How to Choose the Best Strategies to Negotiate The Price of Your New House

By Brown Articles Published 12/11/2010 | Fundraising
There are many different strategies and techniques when it comes to negotiating the price of the house of your dreams. However, there really is no right or wrong negotiating technique, most times it is very personal depending on who you are faced with during your negotiation. There are nonetheless, certain basic strategies that you can follow to keep in line with the negotiation.

Negotiation rules

Negotiating for a house is a bit like a game of control. The one with the advantage will win the deal. There are many factors in the buying of a house, so you may win one game and lose another, in the end the one who has won the most games wins the match.

Although you might not realize this, the first part of the negotiating will probably be to your disadvantage. The person selling the house will know you are interested if you ask about the price, this automatically places you at a disadvantage. If you are making an offer, you are interested in buying; there is no doubt about that.

There is however, still a lot to be done when buying a house, so you can always recuperate your disadvantage. It will take months to define all the mortgage transactions so there is still time before the transaction is closed. There will be appraisals, home inspections to go through with before the price is decided on.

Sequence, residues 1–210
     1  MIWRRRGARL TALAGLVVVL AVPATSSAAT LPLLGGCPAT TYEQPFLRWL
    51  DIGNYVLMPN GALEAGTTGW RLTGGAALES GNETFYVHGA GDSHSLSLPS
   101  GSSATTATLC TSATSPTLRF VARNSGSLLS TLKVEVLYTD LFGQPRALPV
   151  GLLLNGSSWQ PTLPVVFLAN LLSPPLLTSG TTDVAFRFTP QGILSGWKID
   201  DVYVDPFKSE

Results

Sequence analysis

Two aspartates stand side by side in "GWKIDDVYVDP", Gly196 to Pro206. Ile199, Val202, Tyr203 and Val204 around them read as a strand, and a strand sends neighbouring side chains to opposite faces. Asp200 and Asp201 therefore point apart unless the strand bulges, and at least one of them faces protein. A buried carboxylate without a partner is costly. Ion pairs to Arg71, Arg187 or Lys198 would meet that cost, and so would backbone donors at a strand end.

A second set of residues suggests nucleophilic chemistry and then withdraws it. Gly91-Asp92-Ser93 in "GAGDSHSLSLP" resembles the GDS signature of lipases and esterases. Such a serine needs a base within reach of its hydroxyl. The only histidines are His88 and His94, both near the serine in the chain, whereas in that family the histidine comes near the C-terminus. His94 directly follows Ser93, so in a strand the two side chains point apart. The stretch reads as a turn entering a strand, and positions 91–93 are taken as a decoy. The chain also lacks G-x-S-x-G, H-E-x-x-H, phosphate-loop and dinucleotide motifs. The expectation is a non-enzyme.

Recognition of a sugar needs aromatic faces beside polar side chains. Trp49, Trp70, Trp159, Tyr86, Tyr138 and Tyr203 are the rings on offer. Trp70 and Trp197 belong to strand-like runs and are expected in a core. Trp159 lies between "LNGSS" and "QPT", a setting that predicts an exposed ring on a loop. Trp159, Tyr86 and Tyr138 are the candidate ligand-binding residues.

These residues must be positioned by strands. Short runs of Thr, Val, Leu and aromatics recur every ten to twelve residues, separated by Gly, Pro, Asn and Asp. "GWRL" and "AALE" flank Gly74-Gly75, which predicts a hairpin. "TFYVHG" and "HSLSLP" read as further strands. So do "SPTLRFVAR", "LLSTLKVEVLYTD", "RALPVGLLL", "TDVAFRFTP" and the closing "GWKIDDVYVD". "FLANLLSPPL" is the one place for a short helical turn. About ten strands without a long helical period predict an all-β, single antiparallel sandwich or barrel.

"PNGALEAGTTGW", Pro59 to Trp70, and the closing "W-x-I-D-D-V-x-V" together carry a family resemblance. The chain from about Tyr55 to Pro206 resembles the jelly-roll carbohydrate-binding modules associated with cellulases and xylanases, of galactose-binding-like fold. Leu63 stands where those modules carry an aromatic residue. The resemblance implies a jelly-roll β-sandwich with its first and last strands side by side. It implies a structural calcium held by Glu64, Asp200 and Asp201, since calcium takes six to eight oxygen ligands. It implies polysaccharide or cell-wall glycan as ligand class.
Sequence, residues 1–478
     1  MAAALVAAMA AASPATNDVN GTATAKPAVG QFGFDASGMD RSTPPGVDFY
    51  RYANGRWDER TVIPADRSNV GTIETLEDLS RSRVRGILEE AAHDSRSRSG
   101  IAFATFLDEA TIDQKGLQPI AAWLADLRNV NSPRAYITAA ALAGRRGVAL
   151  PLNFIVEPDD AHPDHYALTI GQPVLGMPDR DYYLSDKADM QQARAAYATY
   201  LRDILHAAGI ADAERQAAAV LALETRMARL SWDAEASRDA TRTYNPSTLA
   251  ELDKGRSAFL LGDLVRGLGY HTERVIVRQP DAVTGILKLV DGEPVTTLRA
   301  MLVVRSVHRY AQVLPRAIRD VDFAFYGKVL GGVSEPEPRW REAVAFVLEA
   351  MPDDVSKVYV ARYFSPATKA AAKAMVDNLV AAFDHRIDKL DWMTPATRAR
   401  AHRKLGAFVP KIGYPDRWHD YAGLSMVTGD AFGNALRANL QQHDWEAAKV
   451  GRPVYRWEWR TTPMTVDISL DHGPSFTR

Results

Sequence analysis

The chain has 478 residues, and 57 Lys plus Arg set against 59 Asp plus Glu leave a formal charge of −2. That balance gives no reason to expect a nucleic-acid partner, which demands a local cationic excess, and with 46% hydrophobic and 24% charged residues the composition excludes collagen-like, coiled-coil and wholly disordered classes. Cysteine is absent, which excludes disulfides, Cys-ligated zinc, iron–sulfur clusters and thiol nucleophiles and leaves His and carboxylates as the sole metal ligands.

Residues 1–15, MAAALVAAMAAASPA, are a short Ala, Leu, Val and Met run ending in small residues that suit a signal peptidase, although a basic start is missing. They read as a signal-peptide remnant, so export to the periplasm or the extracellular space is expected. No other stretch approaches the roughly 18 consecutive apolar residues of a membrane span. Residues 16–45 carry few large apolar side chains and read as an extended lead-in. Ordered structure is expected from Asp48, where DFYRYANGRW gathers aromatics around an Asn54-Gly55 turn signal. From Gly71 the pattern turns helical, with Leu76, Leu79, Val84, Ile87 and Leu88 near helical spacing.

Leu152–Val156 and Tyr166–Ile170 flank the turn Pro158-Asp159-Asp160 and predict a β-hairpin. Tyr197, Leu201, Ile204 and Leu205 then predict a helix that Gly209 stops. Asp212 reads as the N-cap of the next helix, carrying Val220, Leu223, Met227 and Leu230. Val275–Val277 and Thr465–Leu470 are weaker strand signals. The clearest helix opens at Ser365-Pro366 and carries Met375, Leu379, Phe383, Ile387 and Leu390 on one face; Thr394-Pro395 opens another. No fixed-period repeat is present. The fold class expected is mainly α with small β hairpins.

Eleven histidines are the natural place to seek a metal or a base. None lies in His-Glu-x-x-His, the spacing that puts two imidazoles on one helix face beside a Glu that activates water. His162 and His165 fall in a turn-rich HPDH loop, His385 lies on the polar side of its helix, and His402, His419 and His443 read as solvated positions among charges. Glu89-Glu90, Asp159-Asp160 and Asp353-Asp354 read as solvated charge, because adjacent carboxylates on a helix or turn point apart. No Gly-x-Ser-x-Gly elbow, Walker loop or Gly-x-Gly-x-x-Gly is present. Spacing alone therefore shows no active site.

During this time the person who is selling you the house is also looking for another, or has even found one already. Chances are, he or she has already put a down payment for the house and is waiting for you to buy. This will put you at an advantage this time, for the owner of the house is eager to sell now, for he or she has organized the necessary issues to start moving. This is where you should start negotiating for a better price.

How to distinguish a motivated seller from one who does not really care to sell

When dealing with the seller, try and decide whether he is faking a nonchalant attitude, or whether he really is not convinced he should sell. This will avoid wasting time, for you cannot negotiate with someone who is not ready to do so. Be prepared to let go of the house you wished to buy. It is not worth paying the full amount a seller asks for, however much you like the house. If you cannot negotiate with the seller, because he is not well disposed, then do not, let the house go, there is always another perfect house somewhere else.

If the price you have reached is not a good deal, do not accept it and leave it for someone else. You never know, the seller may be contacting you a few weeks later and accept your offer. You have to take the risk if you want to negotiate good prices. When you do abandon the negotiations, let the seller understand that you like his house and that although the house is probably worth the money, you just do not have it.

Another strategy is to offer a price that is higher than you are actually prepared to pay, this will get the seller listening. Then let him know that if you do buy, he will have to take care of some major reparations, such as roof repair, flooring, plumbing system, add anything that comes into mind. This will allow you more area for negotiation.